Biden Communion Fight Raises Stakes for Vatican Ambassador Pick
No president has ever faced the risk of an ambassadorial nomination potentially affecting his personal relationship with the Catholic Church—until now.
The decision by right-wing Catholic leaders to begin drafting a statement that could potentially allow bishops to deny the sacrament of Holy Communion to politicians whose stances on social issues stand in conflict with those of the church has injected a political fight into one of the faith’s most sacred religious rites.
The conflict has also put increasing pressure on President Joe Biden to name an ambassador to the Holy See who would help smooth the rising disputes between Pope Francis, long seen by both supporters and detractors as a would-be modernizer, and the American wing of the Catholic Church, which is increasingly politically conservative.
But former ambassadors, Vatican-watchers and those close to the Bidens tell The Daily Beast that hopes that an incoming ambassador to the Vatican may help iron out long-standing doctrinal disputes and fraught internal church politics misunderstand the role of ambassador—and could actually inflame relations to the point of an Anglican-style realignment, or even a schism.
“President Biden is walking a very fine line here: He’s our second Catholic president, he undoubtedly wants a good relationship with this pope and with the Vatican, and he doesn’t want to fuel the right. So it’s a tough job,” said Miguel H. Díaz, who served as the United States ambassador to the Holy See from 2009 to 2012. “I don’t envy the administration thinking about who will become the new ambassador.”
“The conservative right has continued to weaponize religion in this country,” another former ambassador to the Holy See told The Daily Beast. “On the areas of religious freedom with freedom of conscience, I think that [Biden] needs to do tremendous work on bridging the gap between religious rights on one hand, and other human rights on the other. It’s not settling a feud at the church potluck.”
The diplomatic relationship between the U.S. government and the Vatican is both long-standing and unusual, as most would assume diplomacy between a theocratic elective absolute monarchy and a secular democratic republic would be. A president, after all, is the elected representative of a nation; a pope is the elected representative of a nation and of God himself. A feud between the two, then, represents not only a diplomatic crisis, but a divine one as well.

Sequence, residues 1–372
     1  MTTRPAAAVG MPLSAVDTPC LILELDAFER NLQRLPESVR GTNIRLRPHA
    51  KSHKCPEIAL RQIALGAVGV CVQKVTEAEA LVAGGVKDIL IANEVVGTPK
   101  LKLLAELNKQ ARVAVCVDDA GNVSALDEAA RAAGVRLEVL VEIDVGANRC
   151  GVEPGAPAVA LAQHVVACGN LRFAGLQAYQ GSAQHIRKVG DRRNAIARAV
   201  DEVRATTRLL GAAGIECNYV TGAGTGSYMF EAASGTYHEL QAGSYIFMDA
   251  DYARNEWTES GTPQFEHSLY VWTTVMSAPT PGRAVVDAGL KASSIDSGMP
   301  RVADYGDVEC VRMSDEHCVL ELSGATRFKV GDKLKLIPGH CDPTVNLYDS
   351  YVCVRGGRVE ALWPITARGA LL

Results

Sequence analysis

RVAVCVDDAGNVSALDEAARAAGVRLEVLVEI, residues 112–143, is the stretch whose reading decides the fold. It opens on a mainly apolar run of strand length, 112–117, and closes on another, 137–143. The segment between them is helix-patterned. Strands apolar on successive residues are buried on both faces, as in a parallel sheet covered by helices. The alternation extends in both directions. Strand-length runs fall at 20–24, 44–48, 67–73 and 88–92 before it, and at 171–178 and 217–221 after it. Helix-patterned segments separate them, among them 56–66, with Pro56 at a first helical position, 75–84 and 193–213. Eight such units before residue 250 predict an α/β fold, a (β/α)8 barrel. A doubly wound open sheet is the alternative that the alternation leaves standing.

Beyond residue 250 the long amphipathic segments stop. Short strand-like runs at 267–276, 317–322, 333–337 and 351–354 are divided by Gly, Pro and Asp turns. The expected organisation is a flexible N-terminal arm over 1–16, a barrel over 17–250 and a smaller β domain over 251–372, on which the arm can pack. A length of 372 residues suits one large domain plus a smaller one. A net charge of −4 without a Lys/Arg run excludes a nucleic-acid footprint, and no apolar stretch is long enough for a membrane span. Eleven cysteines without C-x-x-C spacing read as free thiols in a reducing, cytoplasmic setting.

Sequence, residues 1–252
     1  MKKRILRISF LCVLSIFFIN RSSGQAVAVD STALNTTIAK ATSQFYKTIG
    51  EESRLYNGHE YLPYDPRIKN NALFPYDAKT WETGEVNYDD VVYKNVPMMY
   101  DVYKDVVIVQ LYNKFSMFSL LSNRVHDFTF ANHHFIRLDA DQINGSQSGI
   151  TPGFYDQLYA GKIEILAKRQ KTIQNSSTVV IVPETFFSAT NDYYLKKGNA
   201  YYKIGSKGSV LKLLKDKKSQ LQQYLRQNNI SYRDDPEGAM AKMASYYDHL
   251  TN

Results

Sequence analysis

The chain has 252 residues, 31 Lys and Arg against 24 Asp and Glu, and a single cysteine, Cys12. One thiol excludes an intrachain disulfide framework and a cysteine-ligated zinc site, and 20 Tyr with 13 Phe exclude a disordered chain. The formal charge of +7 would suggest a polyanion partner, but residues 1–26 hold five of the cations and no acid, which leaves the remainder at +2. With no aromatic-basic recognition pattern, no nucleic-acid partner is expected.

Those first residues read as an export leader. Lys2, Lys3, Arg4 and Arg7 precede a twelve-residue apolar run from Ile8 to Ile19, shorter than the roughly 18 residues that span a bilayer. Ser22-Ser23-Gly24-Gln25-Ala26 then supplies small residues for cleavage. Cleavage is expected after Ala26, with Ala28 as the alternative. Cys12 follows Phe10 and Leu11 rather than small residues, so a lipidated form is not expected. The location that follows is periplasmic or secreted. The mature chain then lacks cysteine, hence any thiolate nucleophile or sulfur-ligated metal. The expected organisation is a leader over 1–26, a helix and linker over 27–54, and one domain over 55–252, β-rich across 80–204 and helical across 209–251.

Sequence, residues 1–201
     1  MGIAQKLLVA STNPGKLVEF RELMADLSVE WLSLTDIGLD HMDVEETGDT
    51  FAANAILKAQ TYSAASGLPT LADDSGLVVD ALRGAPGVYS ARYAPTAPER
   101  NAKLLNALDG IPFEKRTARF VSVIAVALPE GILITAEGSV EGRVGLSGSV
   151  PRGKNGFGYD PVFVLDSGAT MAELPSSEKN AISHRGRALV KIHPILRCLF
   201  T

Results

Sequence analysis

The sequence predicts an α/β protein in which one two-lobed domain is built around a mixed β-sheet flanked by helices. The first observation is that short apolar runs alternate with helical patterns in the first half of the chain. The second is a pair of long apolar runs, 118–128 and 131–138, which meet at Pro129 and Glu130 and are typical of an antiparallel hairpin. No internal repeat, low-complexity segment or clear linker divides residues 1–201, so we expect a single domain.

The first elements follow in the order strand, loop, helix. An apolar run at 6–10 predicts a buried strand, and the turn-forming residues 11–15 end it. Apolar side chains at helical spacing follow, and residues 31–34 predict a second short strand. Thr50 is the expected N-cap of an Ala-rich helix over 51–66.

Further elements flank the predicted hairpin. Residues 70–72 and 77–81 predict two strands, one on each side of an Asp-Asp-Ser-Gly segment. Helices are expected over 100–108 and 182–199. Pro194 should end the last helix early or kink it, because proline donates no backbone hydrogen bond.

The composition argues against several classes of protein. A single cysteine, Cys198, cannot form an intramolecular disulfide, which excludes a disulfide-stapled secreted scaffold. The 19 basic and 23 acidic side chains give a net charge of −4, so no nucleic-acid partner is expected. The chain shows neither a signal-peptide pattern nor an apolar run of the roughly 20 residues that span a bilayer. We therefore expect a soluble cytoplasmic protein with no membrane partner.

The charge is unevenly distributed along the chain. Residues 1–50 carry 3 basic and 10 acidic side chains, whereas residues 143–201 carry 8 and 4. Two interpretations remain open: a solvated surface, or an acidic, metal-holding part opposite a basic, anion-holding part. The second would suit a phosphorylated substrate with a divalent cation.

President John F. Kennedy, the nation’s first Catholic president, faced criticism ahead of his election from non-Catholics over fears that he would ultimately answer not to the American people but to the pope. Kennedy sought to calm those fears by telling the Houston Ministers Conference that he was not “the Catholic candidate for president,” but a candidate for president “who happens also to be a Catholic.”
“I do not speak for my church on public matters,” Kennedy said in a speech that would later be seen as a landmark address on the wall between church and state, “and the church does not speak for me.”
President Joe Biden, who six decades later is only the nation’s second Catholic president, now faces criticism from within the church that he is “not a Catholic in good standing” due to his stances on abortion and same-sex relationships (which, unlike his personal view on the death penalty, conflict with official church doctrine).
“If someone says, ‘I’m a devout Catholic,’ and at the same time is promoting abortion, it gives the impression to others that it’s acceptable for Catholics to be in favor of abortion,” Cardinal Raymond Leo Burke, the former archbishop of St. Louis and a prominent conservative voice within the Catholic Church, told Catholic Action for Faith and Family in a now-private YouTube interview ahead of Biden’s election. “And of course, it’s absolutely not acceptable. Never has been. Never will be.”